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ARS Home » Plains Area » Brookings, South Dakota » Integrated Cropping Systems Research » Research » Research Project #439118

Research Project: Productive Cropping Systems Based on Ecological Principles of Pest Management

Location: Integrated Cropping Systems Research

2022 Annual Report

Objective 1. Develop strategies to manage insects in cropping systems, focusing on biology with regards to resistance evolution, insect health and diversity, and the value of these strategies to sustainable crop production. [NP304, Component 3, Problem Statement 3A2]. Subobjective 1a. Assess the risk to susceptible western corn rootworm, and hence insect resistance management, from adult feeding on corn tissue expressing toxic Bacillus thuringiensis (Bt)-proteins. Subobjective 1b. Evaluate neonicotinoid seed treatments for usefulness to U.S. crop production. Subobjective 1c. Compare pest and beneficial insect levels between a soybean pest management system that uses an aphid-resistant cultivar versus one that relies on conventional insecticides. Subobjective 1d. Compare pest and beneficial insect levels, soil properties, plant growth, yield, and seed composition of soybean when grown alone and with an oilseed relay crop. Subobjective 1e. Evaluate cover-cropping scenarios within crop rotations that encourage ecosystem services from beneficial insects. Subobjective 1f. Develop procedures for hazard assessments of pesticides to nontarget organisms. Subobjective 1g. Establish exposure pathways for pesticides and non-target organisms and determine how plant diversity within the farmscape affects these exposure pathways. Objective 2. Develop innovative strategies for managing weeds in dynamic cropping systems, and assess the benefits of these strategies that rely on bottom-up approaches to weed management (such as the use of cover crops) within diverse crop rotations. [NP304, Component 2, Problem Statement 2A2]. Subobjective 2a. Develop a methodology to convert red clover to cropland without tillage. Subobjective 2b. Determine the best annual clovers to use as cover crops to control post-harvest weeds without tillage.

Pest management is crucial in cropping systems, and strategies to control weeds and insect pests need to be integrated with agronomic and other management goals to achieve sustainable cropping systems. In the northern Great Plains, corn rootworms, soybean aphids, and weeds greatly reduce agricultural productivity and profitability through yield loss and costly control measures. Widely adopted management tactics have initially reduced economic loss from these pests, but their utility needs reassessment in light of herbicide-tolerant weeds, insect adaptation to resistance transgenes, secondary pest outbreaks, and unwitting impacts on pollinators, natural enemies, and soil health. This project plan proposes research to address strategies used against major pests such as corn rootworms and soybean aphid, refine tactics for weed management in organic production systems, and determine the value and drawbacks to pest management and ecosystem services from diversifying crop rotations, incorporating cover crops, and using various plant-incorporated protectants. The research will be instrumental in developing management practices that increase farming efficiency and improve environmental and economic sustainability.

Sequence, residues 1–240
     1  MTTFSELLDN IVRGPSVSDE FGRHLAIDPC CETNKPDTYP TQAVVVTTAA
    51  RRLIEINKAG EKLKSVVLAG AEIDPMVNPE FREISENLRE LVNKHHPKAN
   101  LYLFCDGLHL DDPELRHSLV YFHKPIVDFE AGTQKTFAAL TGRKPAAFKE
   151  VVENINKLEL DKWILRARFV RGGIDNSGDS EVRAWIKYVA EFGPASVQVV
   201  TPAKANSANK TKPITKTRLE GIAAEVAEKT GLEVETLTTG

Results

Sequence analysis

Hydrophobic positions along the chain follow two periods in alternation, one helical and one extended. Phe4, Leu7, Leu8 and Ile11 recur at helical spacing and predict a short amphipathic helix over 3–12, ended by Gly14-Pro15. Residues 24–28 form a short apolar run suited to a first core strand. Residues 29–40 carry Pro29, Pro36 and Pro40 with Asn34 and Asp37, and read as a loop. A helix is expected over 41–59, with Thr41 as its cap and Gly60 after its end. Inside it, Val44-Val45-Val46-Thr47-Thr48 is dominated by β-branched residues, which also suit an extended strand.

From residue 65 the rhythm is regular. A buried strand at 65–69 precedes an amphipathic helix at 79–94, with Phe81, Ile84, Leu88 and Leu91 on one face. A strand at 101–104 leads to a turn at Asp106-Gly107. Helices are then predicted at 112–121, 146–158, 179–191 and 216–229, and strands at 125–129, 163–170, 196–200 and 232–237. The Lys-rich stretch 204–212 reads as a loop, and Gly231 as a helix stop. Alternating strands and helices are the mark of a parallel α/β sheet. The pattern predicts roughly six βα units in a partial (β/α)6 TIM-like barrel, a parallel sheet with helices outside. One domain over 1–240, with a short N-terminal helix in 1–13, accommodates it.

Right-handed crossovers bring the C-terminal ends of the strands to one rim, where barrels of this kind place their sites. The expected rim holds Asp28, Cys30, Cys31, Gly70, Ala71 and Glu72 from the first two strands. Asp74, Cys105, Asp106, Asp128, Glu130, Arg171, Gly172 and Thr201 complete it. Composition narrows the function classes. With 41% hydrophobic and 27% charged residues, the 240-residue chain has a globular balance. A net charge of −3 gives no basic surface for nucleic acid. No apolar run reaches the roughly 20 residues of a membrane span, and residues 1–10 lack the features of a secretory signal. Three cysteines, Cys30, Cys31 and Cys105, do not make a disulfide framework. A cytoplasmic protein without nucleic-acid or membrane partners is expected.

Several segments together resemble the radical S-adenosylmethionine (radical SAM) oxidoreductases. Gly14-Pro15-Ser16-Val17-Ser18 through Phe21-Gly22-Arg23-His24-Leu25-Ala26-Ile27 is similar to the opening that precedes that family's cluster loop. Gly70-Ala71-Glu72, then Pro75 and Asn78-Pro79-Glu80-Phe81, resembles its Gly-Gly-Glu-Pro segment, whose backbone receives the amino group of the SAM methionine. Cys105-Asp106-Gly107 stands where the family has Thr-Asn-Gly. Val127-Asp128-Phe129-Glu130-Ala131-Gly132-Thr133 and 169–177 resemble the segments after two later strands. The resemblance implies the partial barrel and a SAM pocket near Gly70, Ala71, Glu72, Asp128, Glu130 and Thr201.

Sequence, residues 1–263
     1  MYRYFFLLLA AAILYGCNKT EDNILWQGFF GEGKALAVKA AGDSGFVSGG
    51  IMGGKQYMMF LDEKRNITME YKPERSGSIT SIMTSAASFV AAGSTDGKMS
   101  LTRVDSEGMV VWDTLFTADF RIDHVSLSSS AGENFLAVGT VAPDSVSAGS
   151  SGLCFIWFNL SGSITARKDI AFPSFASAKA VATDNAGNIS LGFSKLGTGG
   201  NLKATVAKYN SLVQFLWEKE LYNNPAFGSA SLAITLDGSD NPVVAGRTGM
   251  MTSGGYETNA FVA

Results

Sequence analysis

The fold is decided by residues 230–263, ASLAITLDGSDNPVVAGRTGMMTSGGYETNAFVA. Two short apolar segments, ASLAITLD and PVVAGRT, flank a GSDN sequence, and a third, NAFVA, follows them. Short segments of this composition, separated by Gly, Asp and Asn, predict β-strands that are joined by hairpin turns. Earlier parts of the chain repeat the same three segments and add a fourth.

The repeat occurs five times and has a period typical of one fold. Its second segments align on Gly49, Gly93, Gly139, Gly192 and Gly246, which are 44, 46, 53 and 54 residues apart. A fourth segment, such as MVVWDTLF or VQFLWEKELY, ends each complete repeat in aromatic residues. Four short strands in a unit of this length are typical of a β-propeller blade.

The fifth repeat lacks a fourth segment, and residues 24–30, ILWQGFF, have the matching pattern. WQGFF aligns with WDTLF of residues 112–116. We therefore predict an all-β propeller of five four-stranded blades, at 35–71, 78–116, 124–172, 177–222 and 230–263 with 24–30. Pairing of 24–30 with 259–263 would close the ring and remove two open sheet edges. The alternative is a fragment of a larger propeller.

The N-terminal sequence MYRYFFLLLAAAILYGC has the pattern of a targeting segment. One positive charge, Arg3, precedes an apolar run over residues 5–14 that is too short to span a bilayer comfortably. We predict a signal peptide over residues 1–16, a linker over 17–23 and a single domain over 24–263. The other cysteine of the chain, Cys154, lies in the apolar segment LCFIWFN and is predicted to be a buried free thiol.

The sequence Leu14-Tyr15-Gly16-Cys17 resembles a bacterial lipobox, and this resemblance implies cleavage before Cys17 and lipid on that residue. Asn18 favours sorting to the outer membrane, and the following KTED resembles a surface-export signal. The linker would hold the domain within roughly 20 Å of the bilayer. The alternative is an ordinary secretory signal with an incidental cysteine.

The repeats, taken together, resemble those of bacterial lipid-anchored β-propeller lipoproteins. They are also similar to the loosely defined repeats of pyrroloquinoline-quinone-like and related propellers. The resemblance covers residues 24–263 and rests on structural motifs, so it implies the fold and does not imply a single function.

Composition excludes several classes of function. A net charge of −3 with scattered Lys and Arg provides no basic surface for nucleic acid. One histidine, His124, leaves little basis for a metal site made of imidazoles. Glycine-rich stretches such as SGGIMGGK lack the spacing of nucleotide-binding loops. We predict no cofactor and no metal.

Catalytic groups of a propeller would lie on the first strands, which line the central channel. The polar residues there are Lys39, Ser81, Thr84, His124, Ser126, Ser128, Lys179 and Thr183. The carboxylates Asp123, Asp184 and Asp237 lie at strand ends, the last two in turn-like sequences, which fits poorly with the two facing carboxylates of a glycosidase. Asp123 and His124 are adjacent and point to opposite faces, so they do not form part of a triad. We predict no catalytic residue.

Progress Report
The previous 5-year research project and 2-year bridging project reflected emphases to generate knowledge about insect pest and weed management tactics for sustainable cropping systems in the Northern Great Plains (NGP). The bridging project was necessary during a period of critical vacancies in three scientist positions. Nevertheless, significant progress was made during the course of the bridging project in evaluating the impact of management practices on the structure and activity of beneficial insect communities. These studies included (1) evaluations of insect activity and predation in till and no-till systems, (2) evaluation of real and artificial sentinel prey to quantify the potential for biological control of pests via predation, and (3) surveys of insects in various cropping systems and non-cropped areas to inform future research objectives. Studies conducted during the bridging phase laid a foundation for research proposed in a new project plan to generate fundamental knowledge about beneficial invertebrates and determine how particular practices promote ecosystem services valuable for sustainable crop production in the NGP. Research generated >$600K of extramural funding to the location to support synergistic research. This funding supported two master’s students, whose research led to 3 publications. Multiple research updates were presented to stakeholders in meetings with commodity and producer groups, conservationists, and other scientists.

1. Research potential for northern corn rootworm greatly enhanced by development of a non-diapausing laboratory colony. The northern corn rootworm (NCR) and western corn rootworm are important pests of corn that together cost U.S. growers about $2B in yield losses and control costs annually over the last several years. The NCR typically produces only one generation per year and has an obligatory overwintering stage as eggs in the soil. Studies with wild populations are, therefore, difficult and lengthy. To combat this, ARS scientists in Brookings, South Dakota, and Columbia, Missouri, and scientists at the University of Missouri, developed a non-diapausing NCR laboratory colony and established robust protocols for rearing it. The non-diapausing strain, along with improvements to the rearing system, will be important to researchers, as it will allow them to produce up to six generations of NCR per year, greatly accelerating research to manage this important pest.